TALLAHASSEE — Layoffs of state workers. Shuttered driver's license offices. Fewer seats in prekindergarten classes. Parole for more nonviolent criminals. Less help for injured manatees.
Hundreds of cost-cutting measures will be considered by state legislators in coming weeks as they carry out the largest one-time budget cut in years, and the third cut in six months, in response to a downward spiral in revenues that pay for much of the state government's overhead.
"The economy is slowing down, so government spending should slow down," said Rep. Ray Sansom, R-Destin, who chairs the House Policy & Budget Council.
Having slashed this year's $70-billion budget by $1.6-billion, lawmakers must sharpen the knife again to reduce spending next year by up to twice as much. With lawmakers unlikely to consider higher taxes or fees, agencies are under orders to trim their budgets by 10 percent.
Nearly two-thirds of state spending falls into education and human services, so it's impossible for lawmakers to save money without major cutbacks in those two areas, even though those programs also have the most forceful advocates. The cost-cutting decisions won't be final for several weeks, but here are some examples of proposals lawmakers will consider:
• Cut base funding for public schools by up to $1.5-billion, triggering the first decline in per-pupil spending in years.
• Cut the Office of Early Learning budget by $16-million, resulting in 7,079 fewer children having access to prekindergarten education. The money pays for child care for low-income working parents, and the cut would also mean a loss of $14.5-million in matching federal money.
• Reduce state aid to the Johnnie Byrd Alzheimer's Center and Research Institute in Tampa by $8.5-million, to $5-million.
• End a $1.1-million program that pays Tampa's Lowry Park Zoo and two other parks to rescue and rehabilitate injured manatees.
• Close the Clearwater driver's license office at a savings of $240,000, as well as 11 other offices statewide.
Advocates for pregnant women and children are alarmed because lawmakers are considering lowering income eligibility for services, requiring new Medicaid recipients to be in HMOs and eliminating optional health care services for adults in Medicaid.
"It's tragic that we keep going back to the same needy groups to fill budget holes," said Anne Swerlick of Florida Legal Services.
Chief Justice Fred Lewis of the Florida Supreme Court told senators that a 10 percent across-the-board cut to the court system of $42-million would have a "staggering" impact on justice, forcing layoffs of more than 900 people and requiring foster children to wait longer to be placed with families.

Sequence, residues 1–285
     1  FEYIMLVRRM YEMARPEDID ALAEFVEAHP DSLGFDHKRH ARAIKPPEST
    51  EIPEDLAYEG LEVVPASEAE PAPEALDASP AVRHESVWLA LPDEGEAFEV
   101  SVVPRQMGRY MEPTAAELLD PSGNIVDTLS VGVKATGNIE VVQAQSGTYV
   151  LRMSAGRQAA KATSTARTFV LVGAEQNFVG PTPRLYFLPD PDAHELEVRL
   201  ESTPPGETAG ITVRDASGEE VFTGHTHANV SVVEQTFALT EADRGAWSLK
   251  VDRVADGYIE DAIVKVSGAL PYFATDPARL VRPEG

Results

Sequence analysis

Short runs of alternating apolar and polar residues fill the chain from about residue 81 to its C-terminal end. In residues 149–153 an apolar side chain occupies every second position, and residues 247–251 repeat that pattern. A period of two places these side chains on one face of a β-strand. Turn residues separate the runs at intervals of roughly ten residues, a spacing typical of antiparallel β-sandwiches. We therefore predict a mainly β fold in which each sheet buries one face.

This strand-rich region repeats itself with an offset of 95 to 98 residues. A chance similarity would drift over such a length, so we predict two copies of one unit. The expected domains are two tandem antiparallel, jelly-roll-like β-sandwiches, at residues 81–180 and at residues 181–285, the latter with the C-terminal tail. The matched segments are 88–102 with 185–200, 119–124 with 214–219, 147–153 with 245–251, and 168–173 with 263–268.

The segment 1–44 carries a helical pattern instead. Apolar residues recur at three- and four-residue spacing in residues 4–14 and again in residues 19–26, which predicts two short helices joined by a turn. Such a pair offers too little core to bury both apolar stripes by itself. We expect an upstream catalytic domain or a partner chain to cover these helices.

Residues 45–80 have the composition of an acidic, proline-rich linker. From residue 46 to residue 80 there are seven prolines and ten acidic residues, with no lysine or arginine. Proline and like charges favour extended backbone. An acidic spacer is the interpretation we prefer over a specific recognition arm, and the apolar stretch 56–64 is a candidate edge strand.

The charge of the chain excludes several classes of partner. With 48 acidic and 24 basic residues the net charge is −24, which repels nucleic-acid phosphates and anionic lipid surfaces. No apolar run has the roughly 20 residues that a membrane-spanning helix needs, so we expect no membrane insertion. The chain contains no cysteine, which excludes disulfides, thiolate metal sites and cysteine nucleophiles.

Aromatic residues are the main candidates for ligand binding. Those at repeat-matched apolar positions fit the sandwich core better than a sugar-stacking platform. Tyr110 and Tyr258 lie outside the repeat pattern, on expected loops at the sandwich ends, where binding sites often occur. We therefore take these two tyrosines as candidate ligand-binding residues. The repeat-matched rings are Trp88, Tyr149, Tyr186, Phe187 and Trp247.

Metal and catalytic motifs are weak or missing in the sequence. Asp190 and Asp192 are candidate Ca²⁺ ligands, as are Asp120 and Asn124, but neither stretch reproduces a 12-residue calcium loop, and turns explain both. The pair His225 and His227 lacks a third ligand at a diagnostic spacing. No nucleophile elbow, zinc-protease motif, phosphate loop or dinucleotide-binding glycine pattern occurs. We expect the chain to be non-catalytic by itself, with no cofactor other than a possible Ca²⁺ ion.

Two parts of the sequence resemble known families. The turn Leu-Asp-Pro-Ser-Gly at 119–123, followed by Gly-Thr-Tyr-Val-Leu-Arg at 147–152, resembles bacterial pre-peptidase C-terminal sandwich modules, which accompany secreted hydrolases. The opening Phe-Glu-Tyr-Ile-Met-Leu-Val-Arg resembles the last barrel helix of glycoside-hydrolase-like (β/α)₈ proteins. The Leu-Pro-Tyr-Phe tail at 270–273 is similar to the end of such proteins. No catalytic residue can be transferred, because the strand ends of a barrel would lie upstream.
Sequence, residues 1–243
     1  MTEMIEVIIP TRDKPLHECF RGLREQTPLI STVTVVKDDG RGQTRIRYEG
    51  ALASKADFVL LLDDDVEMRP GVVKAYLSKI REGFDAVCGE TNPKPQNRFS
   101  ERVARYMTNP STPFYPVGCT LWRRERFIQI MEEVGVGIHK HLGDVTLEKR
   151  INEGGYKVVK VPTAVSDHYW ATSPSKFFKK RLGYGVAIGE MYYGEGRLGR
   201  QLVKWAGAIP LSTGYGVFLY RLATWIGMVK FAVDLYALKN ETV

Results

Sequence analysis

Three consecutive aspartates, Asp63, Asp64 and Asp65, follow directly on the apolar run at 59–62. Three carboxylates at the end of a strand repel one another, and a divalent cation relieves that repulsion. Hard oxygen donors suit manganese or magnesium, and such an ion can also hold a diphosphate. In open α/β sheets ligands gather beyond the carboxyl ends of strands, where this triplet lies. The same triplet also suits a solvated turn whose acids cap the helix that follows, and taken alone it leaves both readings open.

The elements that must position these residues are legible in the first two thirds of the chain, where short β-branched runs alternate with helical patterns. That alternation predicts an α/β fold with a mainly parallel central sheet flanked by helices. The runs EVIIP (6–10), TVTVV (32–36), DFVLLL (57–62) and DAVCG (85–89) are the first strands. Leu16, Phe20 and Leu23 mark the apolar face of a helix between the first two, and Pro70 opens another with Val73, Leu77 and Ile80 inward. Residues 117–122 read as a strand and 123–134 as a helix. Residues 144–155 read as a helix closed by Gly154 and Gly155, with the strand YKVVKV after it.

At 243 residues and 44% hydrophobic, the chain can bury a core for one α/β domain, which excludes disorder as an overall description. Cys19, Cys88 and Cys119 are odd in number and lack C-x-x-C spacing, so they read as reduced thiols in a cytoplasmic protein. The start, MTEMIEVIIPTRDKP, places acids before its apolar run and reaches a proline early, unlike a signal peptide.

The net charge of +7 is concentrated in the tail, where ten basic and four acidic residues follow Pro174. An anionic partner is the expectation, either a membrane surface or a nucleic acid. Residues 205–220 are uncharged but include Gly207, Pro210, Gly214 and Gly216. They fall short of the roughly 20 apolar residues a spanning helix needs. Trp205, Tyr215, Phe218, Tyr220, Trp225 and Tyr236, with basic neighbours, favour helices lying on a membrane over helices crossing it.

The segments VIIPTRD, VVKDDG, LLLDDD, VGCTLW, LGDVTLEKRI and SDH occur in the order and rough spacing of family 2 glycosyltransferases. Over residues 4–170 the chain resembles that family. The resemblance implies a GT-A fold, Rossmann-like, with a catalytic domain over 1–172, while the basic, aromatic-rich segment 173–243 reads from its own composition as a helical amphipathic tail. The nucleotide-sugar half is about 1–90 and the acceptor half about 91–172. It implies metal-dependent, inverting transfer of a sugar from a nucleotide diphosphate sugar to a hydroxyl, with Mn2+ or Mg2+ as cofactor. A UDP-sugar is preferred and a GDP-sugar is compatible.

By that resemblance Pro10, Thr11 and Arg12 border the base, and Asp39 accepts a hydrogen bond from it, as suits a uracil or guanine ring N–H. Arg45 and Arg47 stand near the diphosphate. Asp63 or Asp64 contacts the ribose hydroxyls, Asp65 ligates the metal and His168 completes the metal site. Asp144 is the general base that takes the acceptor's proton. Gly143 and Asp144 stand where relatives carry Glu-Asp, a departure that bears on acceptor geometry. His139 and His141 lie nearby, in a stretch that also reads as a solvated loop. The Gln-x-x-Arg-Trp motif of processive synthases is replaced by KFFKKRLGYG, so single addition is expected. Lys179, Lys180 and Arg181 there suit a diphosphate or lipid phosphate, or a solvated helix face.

"We must get through these troubled waters without sacrificing a branch of government," Lewis said.
When one bureaucrat proposed shutting down the official state Web site, myflorida.com, and eliminating three full-time jobs to save $405,000, one lawmaker drew the line.
"We can't take the My Florida portal down," said Sen. JD Alexander, R-Lake Wales.
Other proposals call for raising revenue by charging fees to visitors who use credit cards at state parks, charging counties more to protect forestry land from fires and increasing court filing fees.
The House and Gov. Charlie Crist are on record as opposing new fees.
The atmosphere in the Capitol is such that talk of new programs is taboo and any bill with a price attached is as good as dead.
"We are in the middle of a fiscal crisis that is sucking the air out of this place," House Minority Leader Dan Gelber, D-Miami Beach, told environmentalists who were rallying for a new source of money for state land acquisition.
For many fiscal conservatives in the House, the current budget squeeze is not a crisis, but an opportunity to put the brakes on spending. Sansom's determination to get the shortfall under control is explained in part by his future: He's in line to become House speaker in November and does not want to spend his two years at the pinnacle of power wiping red ink off the state's balance sheet.
At the same time, the spirit of bipartisan goodwill that dominated last year's sessions is evaporating as partisan differences over taxing and spending become more pronounced and election-minded politicians in both parties seek an advantage in the debate over how much budget-cutting is too much.
Sansom blasted House Democrats for voting largely as a bloc against the last round of cuts, which totaled about a half-billion dollars.
"That was very irresponsible," Sansom said. "They voted for a budget deficit. We will definitely pick up seats with votes like that. They made a very big mistake that was a disappointing, irresponsible vote."
In response, Gelber said Republicans will pay a price at the polls in November for stubbornly refusing to tap surplus accounts known as trust funds and a reserve fund available for emergencies.
"(Republicans) know the next round of budget cuts will awaken the electorate," said Gelber, who's running for a Senate seat this fall. "Republicans are blind to the challenges our state faces that will only dig us deeper in this hole."
Times staff writer Shannon Colavecchio-Van Sickler contributed to this report. Steve Bousquet can be reached at firstname.lastname@example.org or (850) 224-7263.